Bacteria move cooperatively for many reasons: to invade host tissues,
to seek out nutrients, or to erect structures for spore spreading.
Swarming is a type of cooperative surface-associated motility, in
which each cell is self-propelled by its own flagella. Twitching and
social gliding also depend on a motor driven cellular appendage; type
IV pili are extended toward a surface, adhered, then retracted,
pulling the individual cell forward toward the adhesion. Intriguingly,
many types of collective motility do not require the use of known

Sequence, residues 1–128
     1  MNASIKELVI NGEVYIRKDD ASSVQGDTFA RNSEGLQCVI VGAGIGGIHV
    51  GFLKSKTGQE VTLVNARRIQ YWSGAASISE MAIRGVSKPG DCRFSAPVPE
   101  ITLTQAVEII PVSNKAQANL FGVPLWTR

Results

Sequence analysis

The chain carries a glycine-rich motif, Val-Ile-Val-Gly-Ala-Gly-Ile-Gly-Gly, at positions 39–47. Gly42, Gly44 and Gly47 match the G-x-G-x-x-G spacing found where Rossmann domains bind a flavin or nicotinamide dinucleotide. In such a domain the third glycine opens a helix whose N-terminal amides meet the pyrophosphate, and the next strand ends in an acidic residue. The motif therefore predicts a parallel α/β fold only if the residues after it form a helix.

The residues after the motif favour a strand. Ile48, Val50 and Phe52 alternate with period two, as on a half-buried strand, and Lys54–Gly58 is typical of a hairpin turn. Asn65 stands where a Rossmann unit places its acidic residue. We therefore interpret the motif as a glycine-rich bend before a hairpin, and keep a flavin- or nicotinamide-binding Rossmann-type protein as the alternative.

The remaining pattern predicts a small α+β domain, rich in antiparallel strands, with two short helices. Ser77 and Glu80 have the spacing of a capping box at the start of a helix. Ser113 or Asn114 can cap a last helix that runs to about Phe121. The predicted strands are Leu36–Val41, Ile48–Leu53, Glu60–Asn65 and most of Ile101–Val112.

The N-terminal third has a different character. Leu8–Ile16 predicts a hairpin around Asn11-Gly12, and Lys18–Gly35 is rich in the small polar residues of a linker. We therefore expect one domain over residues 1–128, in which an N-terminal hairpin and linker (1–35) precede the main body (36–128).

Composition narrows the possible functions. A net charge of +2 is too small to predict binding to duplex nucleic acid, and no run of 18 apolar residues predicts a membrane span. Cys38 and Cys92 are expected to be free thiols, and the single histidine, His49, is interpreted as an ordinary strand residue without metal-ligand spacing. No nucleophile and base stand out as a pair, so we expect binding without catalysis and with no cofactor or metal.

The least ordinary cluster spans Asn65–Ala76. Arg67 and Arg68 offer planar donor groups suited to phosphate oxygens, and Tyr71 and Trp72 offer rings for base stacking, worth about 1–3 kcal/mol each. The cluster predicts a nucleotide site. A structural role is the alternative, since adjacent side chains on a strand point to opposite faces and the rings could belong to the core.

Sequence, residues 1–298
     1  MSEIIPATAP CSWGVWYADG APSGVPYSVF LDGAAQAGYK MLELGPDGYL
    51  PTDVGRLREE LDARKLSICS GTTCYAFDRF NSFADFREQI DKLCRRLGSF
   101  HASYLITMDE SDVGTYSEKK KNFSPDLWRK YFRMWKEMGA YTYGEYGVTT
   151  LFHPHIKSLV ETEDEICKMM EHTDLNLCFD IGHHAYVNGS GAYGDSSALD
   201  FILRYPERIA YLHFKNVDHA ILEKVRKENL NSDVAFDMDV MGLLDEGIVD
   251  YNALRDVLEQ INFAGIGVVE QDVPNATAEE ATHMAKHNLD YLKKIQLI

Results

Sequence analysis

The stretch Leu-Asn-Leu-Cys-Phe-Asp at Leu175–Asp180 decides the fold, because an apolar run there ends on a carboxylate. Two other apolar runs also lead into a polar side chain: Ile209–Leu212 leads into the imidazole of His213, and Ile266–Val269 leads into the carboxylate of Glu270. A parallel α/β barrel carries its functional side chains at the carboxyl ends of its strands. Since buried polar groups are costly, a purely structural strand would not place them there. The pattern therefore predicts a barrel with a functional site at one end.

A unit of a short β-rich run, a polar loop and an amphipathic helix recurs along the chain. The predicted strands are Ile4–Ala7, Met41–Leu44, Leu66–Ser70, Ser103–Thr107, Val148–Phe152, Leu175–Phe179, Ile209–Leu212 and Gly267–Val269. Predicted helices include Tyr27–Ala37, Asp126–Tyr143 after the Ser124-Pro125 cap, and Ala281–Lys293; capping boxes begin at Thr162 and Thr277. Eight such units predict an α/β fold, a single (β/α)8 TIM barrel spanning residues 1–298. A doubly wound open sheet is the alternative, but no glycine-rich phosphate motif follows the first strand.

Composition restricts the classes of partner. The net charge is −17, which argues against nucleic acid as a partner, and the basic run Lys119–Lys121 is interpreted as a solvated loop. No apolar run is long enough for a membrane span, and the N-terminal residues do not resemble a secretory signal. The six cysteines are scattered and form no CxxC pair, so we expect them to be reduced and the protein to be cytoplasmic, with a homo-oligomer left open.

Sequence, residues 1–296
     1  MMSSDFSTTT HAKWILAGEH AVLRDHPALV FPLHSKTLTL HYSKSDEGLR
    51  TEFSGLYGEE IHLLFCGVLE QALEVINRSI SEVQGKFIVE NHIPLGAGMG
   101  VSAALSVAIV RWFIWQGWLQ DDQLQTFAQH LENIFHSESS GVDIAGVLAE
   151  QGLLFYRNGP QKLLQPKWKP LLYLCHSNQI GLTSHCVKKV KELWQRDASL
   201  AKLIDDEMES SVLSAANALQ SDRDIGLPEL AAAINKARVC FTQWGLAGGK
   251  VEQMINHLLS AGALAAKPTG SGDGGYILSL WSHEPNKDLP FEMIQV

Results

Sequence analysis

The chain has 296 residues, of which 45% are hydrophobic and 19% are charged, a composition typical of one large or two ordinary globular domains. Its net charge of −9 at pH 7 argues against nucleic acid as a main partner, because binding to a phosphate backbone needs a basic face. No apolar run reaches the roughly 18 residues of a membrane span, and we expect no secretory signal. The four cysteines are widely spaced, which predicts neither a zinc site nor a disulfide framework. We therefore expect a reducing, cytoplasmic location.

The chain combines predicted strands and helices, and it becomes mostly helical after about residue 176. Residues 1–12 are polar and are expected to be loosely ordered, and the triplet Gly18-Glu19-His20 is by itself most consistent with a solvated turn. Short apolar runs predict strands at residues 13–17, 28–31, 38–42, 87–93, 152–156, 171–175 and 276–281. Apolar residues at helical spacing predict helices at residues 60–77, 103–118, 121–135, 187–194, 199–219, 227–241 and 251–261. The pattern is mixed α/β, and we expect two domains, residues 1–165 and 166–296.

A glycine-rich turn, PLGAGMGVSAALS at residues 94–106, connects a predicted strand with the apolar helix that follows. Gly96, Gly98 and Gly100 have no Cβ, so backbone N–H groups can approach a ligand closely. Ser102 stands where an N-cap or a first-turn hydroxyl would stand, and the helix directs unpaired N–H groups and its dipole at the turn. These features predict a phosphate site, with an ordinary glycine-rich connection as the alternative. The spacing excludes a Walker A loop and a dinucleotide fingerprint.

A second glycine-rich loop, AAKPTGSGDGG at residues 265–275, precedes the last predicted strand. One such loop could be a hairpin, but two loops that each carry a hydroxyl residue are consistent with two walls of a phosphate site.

motor-driven appendages; these include gliding, adventurous gliding,
sliding, and spreading. The physical mechanisms underlying these kinds
of cooperative motility are not yet clear, yet a clue comes from the
physical chemistry of their excretions; all of these motor-independent
types of motility involve amphiphilic molecules. Here we show that
spatial concentration gradients of these amphiphilic molecules give
rise to surface tension gradients that drive biofilm spreading.
Moreover, we show that polymer production also drives bacterial
biofilm spreading, and is triggered by a gradient of nutrient
depletion within the colony. Thus, it is the spatially heterogeneous
excretion of complex fluids by bacteria that gives rise to these two
types of biofilm spreading force.
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